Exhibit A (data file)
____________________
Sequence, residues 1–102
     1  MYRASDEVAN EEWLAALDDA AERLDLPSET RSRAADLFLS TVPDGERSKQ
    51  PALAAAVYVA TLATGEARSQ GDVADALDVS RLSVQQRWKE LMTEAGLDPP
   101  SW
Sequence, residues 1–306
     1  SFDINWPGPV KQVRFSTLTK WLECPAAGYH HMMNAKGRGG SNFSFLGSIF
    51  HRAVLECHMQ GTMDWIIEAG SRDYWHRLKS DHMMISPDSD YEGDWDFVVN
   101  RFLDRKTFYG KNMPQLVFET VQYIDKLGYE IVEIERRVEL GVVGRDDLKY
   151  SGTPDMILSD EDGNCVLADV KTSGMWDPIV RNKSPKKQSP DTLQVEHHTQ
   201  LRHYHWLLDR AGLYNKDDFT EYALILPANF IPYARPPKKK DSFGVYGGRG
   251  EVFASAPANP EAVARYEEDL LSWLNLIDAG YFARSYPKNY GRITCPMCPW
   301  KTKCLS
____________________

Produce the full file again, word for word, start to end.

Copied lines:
Sequence, residues 1–102
     1  MYRASDEVAN EEWLAALDDA AERLDLPSET RSRAADLFLS TVPDGERSKQ
    51  PALAAAVYVA TLATGEARSQ GDVADALDVS RLSVQQRWKE LMTEAGLDPP
   101  SW
Sequence, residues 1–306
     1  SFDINWPGPV KQVRFSTLTK WLECPAAGYH HMMNAKGRGG SNFSFLGSIF
    51  HRAVLECHMQ GTMDWIIEAG SRDYWHRLKS DHMMISPDSD YEGDWDFVVN
   101  RFLDRKTFYG KNMPQLVFET VQYIDKLGYE IVEIERRVEL GVVGRDDLKY
   151  SGTPDMILSD EDGNCVLADV KTSGMWDPIV RNKSPKKQSP DTLQVEHHTQ
   201  LRHYHWLLDR AGLYNKDDFT EYALILPANF IPYARPPKKK DSFGVYGGRG
   251  EVFASAPANP EAVARYEEDL LSWLNLIDAG YFARSYPKNY GRITCPMCPW
   301  KTKCLS